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I just removed a light fixture which was connected to three wires. One light wire (both are brown) was hooked up to two white wires, and the other wire from the light (also brown) is connected to one white wire. I thought there had to be a black or red "hot" wire in electrical boxes. How should I attach my new light, which has a black, white and ground wire? I am assuming that the two white wires might be my hot wire, but how to know? The ceiling lights and house date from 1990.

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If the old fixture worked, at least one of the white wires is hot.

The easiest way to check which is hot is to use a non-contact tester. If the fixture is already removed, leave the two wires bundled together with a wire nut over the end. Put a wire nut on the single white wire. Turn the breaker back on. Only one of those should register on tester. That is the hot side. The other should not register. That is the neutral.

Once you know which wire is hot, mark it with black tape or a permanent marker.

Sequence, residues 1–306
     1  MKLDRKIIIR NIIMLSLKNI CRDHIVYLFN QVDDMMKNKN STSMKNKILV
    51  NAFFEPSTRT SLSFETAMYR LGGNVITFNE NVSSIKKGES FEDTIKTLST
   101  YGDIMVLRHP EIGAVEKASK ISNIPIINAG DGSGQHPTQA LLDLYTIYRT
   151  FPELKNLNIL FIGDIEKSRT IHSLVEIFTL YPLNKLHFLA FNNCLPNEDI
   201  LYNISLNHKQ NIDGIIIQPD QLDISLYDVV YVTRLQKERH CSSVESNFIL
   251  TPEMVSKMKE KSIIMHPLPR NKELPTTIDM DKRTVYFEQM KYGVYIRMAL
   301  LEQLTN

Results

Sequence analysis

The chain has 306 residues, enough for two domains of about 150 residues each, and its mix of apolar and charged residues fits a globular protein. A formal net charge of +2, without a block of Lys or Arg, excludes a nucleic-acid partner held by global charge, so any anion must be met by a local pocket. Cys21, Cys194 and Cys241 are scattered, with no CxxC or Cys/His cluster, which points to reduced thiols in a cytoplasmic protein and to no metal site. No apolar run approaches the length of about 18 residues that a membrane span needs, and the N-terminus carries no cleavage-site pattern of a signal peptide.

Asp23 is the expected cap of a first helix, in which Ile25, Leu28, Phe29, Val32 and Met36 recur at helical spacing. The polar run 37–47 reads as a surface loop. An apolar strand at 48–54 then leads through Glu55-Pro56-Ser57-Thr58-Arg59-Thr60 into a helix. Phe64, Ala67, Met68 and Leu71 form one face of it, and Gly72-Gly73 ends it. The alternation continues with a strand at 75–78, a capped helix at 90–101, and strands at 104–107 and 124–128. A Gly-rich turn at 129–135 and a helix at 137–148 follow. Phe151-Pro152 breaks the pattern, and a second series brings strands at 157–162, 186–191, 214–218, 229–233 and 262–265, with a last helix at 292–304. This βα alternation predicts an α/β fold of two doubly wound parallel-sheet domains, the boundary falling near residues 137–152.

If the the fixture is still attached, you can do the same thing with the fixture hanging down. Once you know what is what, turn the breaker back off before wiring.

The black wire goes to the hot wire, the white to the neutral. The ground wire should be attached to a green or bare wire if there is one in the box, or to the box itself if it is metal. If not, just cap it.

  • This is good advice on finding the hot. But I see two red flags here. What qualified electrification uses white wires for hots and not mark them. And why do we have either two neutrals or two hots? I'm guessing romex wasn't used but NM. If NM, what it in conduit or just floating out there? If I had to guess, the two wires are the neutral connecting two lights on two different switches. – diceless Aug 13 '14 at 4:23
  • @diceless. All good points. Review by an electrician would be a very good idea. – bib Aug 13 '14 at 12:11

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